Richard LLoyd Group at Putnam Place 05/14/2022 By: Andrzej Pilarczyk

Written by on May 16, 2022

Opener: Family Tree

Richard LLoyd (g, lead vocal) Group w/David Leonard (b) and Tom Currier (dr)

On the darkened stage within Saratoga Springs’ Putnam Place, Richard LLoyd and his bandmates walked up, almost unnoticed, onto the bandstand.  Tom Currier, the drummer, squeezed into his seat behind the drum kit and picked up his sticks. David Leonard, a three-decade veteran of the group, plugged in his electric bass. Lloyd had his electric-guitar slung over his shoulder, positioned himself behind his mic-stand and adjusted his gear to begin the show. 

Richard LLoyd is best known as a founding member of the early 1970’s art rock-punk-band Television. That pioneering outfit was a true original and prominent among their peers in the early NYC punk scene because of LLoyd and Tom Verlaine’s interlocking two-guitar attack. That group only lasted for 5 years, released two albums and disbanded in 1978. Television reformed briefly in 1992, released an album and they have occasionally played together since then. LLoyd has pursued an interesting solo career releasing almost a dozen albums and continues to tour with his group as well as play with others including Matthew Sweet.  

In the darkness the Richard LLoyd Group launched into their first song. Spotlights and the giant video-screen behind and above the band exploded with colors, shapes and patterns. Patrons that were outside on the patio quickly shuffled in to stand at the bar or the back of the room. Others took a seat at the tables inside the venue.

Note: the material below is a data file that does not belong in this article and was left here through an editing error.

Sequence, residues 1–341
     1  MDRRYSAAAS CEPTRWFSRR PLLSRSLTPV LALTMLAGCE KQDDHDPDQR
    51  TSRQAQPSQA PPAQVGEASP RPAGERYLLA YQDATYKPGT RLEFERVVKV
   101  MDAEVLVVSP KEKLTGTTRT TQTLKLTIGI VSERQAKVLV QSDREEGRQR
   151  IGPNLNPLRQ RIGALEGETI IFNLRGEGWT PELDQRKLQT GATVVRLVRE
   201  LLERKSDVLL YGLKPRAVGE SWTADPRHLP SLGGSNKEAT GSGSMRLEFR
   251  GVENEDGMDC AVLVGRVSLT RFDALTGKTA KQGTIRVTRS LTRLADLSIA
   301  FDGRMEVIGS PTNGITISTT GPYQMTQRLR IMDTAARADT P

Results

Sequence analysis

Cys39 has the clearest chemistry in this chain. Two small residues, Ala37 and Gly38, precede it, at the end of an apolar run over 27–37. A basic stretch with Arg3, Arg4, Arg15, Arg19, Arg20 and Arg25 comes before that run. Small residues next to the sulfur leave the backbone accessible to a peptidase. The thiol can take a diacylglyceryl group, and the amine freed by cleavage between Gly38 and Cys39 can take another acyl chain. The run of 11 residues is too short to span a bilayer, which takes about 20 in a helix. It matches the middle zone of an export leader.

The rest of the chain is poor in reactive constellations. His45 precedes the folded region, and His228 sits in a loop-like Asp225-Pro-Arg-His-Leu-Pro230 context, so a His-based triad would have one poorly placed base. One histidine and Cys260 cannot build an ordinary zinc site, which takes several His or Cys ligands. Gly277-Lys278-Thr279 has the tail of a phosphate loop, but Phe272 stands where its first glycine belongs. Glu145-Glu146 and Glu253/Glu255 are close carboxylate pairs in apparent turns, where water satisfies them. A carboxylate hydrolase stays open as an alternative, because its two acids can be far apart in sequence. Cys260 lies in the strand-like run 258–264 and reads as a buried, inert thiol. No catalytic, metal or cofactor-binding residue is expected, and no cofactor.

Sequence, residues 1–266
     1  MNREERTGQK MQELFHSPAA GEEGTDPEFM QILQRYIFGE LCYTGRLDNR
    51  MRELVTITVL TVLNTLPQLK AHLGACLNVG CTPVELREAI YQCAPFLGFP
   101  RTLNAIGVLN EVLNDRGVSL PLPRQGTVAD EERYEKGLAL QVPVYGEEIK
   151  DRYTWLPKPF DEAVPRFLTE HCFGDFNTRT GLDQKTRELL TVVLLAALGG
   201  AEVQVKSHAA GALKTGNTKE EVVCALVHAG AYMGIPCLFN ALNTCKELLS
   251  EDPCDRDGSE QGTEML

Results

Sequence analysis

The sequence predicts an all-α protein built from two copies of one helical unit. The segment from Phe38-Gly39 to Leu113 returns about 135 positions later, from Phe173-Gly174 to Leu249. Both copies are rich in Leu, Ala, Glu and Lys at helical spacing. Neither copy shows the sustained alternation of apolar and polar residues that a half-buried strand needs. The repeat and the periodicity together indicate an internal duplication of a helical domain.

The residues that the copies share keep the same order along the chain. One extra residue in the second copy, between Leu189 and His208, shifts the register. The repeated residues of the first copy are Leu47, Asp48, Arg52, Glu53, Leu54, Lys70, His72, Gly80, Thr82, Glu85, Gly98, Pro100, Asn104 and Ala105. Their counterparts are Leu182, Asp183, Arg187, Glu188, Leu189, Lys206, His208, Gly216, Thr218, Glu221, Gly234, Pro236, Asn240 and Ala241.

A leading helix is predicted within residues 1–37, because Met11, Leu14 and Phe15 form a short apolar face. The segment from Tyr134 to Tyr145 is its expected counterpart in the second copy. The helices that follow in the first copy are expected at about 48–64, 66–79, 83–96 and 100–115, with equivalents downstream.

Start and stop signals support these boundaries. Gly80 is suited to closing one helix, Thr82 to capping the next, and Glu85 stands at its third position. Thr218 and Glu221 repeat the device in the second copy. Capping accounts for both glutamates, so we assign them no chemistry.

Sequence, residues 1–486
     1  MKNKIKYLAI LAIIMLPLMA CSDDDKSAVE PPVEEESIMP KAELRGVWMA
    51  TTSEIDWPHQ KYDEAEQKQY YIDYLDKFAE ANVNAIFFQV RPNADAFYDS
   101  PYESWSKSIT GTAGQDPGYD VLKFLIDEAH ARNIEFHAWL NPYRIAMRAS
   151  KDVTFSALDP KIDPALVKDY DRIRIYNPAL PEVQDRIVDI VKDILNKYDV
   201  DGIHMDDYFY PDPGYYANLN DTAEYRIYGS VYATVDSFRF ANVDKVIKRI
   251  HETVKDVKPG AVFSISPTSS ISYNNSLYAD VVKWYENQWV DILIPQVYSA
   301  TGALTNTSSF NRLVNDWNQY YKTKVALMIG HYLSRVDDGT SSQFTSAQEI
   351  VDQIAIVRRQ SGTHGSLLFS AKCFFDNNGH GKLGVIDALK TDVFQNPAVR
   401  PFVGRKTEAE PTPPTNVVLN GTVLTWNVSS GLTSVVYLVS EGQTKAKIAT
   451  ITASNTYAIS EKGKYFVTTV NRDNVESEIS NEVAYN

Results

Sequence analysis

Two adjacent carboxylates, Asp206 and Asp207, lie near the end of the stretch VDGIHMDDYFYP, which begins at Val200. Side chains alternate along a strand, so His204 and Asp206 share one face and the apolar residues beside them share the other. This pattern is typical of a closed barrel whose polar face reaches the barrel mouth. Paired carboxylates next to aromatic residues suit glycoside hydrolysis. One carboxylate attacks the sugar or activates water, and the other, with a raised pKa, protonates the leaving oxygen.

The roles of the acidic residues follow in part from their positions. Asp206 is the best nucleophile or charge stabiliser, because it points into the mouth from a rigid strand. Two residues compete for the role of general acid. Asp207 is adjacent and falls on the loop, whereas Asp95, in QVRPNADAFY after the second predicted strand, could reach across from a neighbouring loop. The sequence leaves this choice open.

The music that Richard LLoyd’s trio presented that night was gritty and raw, but polished through tasteful and masterful guitar, bass and drum interplay. LLoyd’s vocals were honest and straightforward. His song’s arrangements were occasionally peppered with hints of other music styles or artists drawn from the ever-evolving history of Rock music from its inception. 

Opening that night was a collective of regional musicians called Family Tree. Chris Carrey (Rodeo Barons, Railbird), a superb multi-instrumentalist, manned the keyboards and sang. Lorie Friday & Kenny Hohlem (Super 400), added defining bass and lead guitar to the mix of tunes. Chad Ploss manned one of two drum sets propelling the band and sang one song. Local legend, Steve Candlen, sat at the second drum kit. Frontman and guitarist for the group for much of the night, Rob Fleming, even played the drums while his band mate Ploss was at the mic. The band’s music that night was an engaging mix of covers in the spirit of Jam and Rock.

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